One idea under discussion in the current talks to cut the deficit enough to pass a debt-ceiling increase is to use a different version of the consumer price index to adjust tax brackets and Social Security benefits for inflation. It would be an index that rises more slowly.

The Congressional Budget Office says this would reduce projected deficits by $90 billion over 10 years through increased tax revenue, and 31% of that would come from taxpayers earning $50,000 to $100,000. The change would cut spending by $131 billion through smaller cost-of-living adjustments to Social Security and federal-employee pensions.

On Medicare, the perennial Washington move is to squeeze health-care providers and assert that beneficiaries aren't affected. That approach may no longer suffice. Several deficit-cut proposals would make beneficiaries shoulder future Medicare cost increases above certain targets.

Some members of both parties propose raising the eligibility age for Medicare to 67 from 65, an idea Mr. Obama floated recently. That would save $125 billion over a decade, leaving much of the cost to be borne by the middle class and its employers.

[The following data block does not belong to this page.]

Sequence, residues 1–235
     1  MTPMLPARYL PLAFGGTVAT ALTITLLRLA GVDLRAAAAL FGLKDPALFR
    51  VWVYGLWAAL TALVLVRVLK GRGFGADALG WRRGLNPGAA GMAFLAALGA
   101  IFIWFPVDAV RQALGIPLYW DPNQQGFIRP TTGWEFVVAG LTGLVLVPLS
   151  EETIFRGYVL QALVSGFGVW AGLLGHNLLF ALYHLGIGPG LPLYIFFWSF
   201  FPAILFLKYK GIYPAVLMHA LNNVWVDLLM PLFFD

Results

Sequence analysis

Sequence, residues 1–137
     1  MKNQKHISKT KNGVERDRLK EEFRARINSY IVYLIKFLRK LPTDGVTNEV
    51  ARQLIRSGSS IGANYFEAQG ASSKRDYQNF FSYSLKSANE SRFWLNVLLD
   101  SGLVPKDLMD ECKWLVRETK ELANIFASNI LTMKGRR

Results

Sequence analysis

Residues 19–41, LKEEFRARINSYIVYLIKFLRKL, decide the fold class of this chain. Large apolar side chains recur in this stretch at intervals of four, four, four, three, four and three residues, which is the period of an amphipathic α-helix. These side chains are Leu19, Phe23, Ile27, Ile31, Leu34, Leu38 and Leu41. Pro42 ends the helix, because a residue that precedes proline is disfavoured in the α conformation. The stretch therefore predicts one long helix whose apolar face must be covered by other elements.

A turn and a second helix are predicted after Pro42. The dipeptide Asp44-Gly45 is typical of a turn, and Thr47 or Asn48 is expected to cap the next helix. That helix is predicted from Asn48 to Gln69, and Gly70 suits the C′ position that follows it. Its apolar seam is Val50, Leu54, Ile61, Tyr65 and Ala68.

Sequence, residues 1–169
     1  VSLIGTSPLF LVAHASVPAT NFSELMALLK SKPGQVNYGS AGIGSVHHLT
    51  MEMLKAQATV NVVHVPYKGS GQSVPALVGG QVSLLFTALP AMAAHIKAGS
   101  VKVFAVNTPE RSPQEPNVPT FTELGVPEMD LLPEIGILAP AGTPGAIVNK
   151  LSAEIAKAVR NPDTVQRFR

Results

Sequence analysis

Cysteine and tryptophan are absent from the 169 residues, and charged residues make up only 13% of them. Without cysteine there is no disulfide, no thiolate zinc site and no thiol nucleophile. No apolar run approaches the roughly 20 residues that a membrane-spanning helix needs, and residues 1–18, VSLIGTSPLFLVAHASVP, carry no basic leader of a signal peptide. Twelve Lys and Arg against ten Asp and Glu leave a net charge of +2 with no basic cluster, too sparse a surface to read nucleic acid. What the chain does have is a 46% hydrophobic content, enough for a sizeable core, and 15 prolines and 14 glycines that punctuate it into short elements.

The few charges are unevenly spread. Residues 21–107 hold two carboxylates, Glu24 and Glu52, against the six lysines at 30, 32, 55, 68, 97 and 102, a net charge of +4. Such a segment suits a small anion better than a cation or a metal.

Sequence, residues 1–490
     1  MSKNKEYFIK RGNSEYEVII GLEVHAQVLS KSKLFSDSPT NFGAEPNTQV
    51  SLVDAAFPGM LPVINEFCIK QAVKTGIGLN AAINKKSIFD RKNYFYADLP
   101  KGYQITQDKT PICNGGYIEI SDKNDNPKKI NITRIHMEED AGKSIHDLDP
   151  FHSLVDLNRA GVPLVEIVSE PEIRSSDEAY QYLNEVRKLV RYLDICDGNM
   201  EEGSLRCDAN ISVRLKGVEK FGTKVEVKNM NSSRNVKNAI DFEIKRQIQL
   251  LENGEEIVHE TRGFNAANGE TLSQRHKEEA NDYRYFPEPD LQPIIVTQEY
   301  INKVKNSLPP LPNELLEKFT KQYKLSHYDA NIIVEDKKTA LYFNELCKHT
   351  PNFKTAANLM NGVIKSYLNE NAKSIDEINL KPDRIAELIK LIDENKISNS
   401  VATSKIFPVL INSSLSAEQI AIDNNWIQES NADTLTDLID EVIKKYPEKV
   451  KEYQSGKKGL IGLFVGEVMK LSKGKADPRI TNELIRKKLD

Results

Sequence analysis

Julia Pisacreta is one Gloucester County resident who has little doubt Washington's deficit-cutting will touch her. Ms. Pisacreta, a 36-year-old drug-company representative who with her husband earns about $200,000 a year, isn't banking on Social Security and Medicare. "I just assume things will be taken away and I just assume I'll be paying more," she says.

The more deeply federal spending is cut, the more likely the middle class is to be affected. But looking to higher tax revenue as a solution also could ding the middle class.

Middle-class taxpayers would pay more federal taxes if not for a host of income-tax deductions, exclusions and credits that are under scrutiny in Washington's quest to raise revenue without changing tax rates.

Take mortgage interest. By letting Americans subtract this from their incomes, the government gave up nearly $79.2 billion in tax revenue last year. The middle class gets over half of the benefit of this deduction. In Gloucester County, 80% of families are homeowners. Nationwide, it is 67%.

Chris Bjanes, 38, and her husband built a four-bedroom arts-and-crafts-style home here in 2001. Rising property taxes help fund the school system, where she works as an art teacher. She and her husband are able to deduct these property taxes on their federal income-tax return, a provision that reduced federal revenue by $15.1 billion last year.